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BBC selling iconic EastEnders set studios as part of £500million savings scramble

The Beeb is selling off the iconic BBC Elstree Centre - which houses the set of the soap EastEnders - as they desperately try to make £500 million per year savings

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EastEnders, Bảng hiệu Quảng trường Albert trên bộ EastEnders, Bị cấm xuất bản cho đến khi: n/a - Hình ảnh hiển thị: Biển hiệu Quảng trường Albert trên bộ EastEnders.  Biển hiệu Quảng trường Albert trên phim trường EastEnders, BBC, Adam Pensotti

The BBC has made a dramatic decision to sell off its famous BBC Elstree Centre – which includes the set of iconic soap EastEnders.

Fans of the long-running soap may not need to panic yet, however, as corporation has signed a lease to continue using part of the studio campuses for the next 25 years. The sudden new sale, with estimates suggesting £70 million will be raised at auction, comes as the BBC attempts to make savings of £500 million per year – and also comes less than two years after construction of the lavish new EastEnders set was completed.

The BBC was slammed in March 2022 for splashing £87 million on the new EastEnders set which was constructed to compete with HD cameras and TV screens to make the sets look more authentic. However, the corporation was heavily criticised for the amount of money they used to construct the set.

Now the BBC is set to rake in huge sums of money by selling off their Elstree Centre grounds – which includes seven stages, a workshop, office and post-production facilities. John O’Driscoll, Global co-head of Real Estate at AXA IM Alts, said: “With the signing of BBC Elstree Centre we will be acquiring one of the oldest working TV and film studios in the UK, with a history dating back almost 110 years.

EastEnders spoilers for next week reveal four characters take some time out of Walford

The BBC spent £87 million constructing a new set for EastEnders – which was only completed in 2022 

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BBC/Jack Barnes)

“The structure of the transaction allows the BBC to continue its production on the site for at least another 25 years, while providing us with the opportunity to invest in the site to create new world class studios. The whole area has a long and illustrious history of producing some of the world’s most celebrated films and television series and, under our stewardship, we aim to continue that legacy.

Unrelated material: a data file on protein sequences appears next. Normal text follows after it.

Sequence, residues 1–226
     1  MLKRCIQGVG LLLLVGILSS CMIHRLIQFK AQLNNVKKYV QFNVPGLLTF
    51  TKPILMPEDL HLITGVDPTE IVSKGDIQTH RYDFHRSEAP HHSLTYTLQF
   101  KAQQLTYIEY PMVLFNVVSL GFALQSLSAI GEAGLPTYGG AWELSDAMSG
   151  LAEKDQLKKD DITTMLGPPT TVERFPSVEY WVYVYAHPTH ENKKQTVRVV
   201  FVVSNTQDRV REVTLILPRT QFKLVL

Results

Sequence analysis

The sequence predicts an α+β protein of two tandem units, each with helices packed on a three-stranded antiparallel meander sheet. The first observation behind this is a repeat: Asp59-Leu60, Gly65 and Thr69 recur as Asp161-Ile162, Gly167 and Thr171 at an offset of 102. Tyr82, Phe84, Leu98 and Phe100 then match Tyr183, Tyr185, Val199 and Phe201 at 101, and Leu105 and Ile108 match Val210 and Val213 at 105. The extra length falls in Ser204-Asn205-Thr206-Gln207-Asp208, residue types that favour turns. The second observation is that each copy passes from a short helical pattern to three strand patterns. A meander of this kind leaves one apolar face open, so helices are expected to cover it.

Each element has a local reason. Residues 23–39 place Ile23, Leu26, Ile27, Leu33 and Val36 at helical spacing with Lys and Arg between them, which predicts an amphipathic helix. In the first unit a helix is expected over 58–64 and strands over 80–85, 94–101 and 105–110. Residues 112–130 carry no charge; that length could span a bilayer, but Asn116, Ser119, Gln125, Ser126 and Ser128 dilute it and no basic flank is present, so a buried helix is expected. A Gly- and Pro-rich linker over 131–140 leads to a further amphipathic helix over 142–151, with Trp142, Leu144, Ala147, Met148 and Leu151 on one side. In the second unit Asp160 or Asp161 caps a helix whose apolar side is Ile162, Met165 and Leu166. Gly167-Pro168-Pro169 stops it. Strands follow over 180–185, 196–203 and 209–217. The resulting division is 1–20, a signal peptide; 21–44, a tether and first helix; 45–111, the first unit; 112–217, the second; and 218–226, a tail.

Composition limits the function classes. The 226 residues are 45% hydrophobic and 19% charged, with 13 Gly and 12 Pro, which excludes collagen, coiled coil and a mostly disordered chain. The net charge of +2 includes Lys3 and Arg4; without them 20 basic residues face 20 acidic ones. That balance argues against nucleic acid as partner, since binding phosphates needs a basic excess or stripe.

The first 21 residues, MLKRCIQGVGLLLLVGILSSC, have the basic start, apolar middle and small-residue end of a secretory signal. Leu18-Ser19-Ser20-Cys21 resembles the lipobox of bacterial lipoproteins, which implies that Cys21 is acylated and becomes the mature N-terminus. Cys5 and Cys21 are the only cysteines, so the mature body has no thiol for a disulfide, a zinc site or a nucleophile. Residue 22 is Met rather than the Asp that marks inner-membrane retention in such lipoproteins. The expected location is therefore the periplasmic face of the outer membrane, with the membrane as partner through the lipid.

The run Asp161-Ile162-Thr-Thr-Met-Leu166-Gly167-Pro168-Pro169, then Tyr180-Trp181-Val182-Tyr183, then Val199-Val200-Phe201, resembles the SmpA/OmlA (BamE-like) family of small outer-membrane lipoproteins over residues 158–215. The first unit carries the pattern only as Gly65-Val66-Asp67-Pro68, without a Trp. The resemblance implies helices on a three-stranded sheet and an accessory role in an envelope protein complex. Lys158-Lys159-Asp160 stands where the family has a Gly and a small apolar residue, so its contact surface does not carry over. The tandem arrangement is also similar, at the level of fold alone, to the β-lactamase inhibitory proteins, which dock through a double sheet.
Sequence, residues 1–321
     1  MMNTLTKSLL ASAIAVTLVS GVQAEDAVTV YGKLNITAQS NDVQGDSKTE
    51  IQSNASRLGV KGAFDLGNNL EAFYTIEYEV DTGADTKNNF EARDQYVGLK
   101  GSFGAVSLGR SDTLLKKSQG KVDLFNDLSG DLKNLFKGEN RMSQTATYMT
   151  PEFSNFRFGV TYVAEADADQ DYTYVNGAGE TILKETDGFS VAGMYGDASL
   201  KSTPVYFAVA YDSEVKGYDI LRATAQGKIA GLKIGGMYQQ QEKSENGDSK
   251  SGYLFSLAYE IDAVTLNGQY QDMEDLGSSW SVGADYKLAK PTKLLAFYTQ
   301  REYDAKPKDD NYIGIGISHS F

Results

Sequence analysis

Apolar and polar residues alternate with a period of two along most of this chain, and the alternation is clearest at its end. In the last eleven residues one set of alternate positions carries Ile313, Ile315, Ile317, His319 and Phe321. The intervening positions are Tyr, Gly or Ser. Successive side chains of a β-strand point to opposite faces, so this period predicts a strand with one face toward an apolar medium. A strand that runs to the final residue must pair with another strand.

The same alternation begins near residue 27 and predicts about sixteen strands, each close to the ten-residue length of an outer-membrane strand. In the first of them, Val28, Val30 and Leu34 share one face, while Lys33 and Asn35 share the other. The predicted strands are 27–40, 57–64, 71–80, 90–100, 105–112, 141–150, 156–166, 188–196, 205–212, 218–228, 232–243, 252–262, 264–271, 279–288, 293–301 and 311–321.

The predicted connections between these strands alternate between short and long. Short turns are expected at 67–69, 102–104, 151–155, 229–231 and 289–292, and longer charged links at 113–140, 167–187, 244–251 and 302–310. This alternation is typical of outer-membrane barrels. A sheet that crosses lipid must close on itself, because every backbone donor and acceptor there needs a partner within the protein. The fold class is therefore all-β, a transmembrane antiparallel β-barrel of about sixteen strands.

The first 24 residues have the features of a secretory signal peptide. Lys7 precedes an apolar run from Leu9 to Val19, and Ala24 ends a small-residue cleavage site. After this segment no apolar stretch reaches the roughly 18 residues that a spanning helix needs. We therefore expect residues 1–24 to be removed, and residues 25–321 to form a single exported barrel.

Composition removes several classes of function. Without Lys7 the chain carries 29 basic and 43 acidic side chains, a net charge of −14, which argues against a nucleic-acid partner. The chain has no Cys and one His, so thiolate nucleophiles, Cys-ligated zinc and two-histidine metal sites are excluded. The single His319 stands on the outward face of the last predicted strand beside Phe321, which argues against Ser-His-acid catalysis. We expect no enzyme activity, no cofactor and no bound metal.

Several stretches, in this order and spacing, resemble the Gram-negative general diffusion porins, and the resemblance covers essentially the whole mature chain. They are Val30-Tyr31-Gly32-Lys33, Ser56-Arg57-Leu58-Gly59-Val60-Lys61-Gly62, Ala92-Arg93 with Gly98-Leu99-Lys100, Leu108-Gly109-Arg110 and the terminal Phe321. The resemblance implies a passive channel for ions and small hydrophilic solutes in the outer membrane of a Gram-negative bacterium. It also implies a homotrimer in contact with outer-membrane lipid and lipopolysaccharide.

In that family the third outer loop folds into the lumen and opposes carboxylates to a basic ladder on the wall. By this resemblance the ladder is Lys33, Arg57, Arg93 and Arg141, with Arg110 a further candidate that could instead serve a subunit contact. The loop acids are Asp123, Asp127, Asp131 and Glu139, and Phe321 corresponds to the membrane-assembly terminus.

“The TV and film studios sector remains one of our conviction asset classes, being underpinned by increasing demand from an ever-broader array of production houses, content creators and broadcasters. This is coupled with very limited supply of high-quality modern film and production space, particularly in and around London where new construction is hindered by a lack of available land in the right locations.”

The sale relates to BBC Elstree Centre and does not include the wider Elstree Studios – which is where iconic films and TV shows including Star Wars and The Crown have filmed. The BBC has been making drastic changes to shows and schedules in recent months as they scramble to save hundreds of millions of pounds as viewers switch off in favour of streaming services.

Fans of iconic late night news show Newsnight were devastated last year when it was announced the long-running series – which has been on the air since 1980 – is to have episodes slashed to half an hour, and half of the show’s staff were given the sack. BBC News and Current Affairs CEO Deborah Turness said of the move last November: “Like many businesses, we are in a tough financial climate and as our audiences shift rapidly from TV to online news consumption, we need to make choices about where we allocate our resources.

“While TV and radio remain crucial to BBC News, we must invest in our digital platforms to ensure they are also the home of our very best journalism, and today’s package of measures will accelerate this transformation… Newsnight has also been a source of great investigative reporting and films but we know that people are consuming the news in different ways, and it can no longer make sense to keep a bespoke reporting team for a single television programme.”

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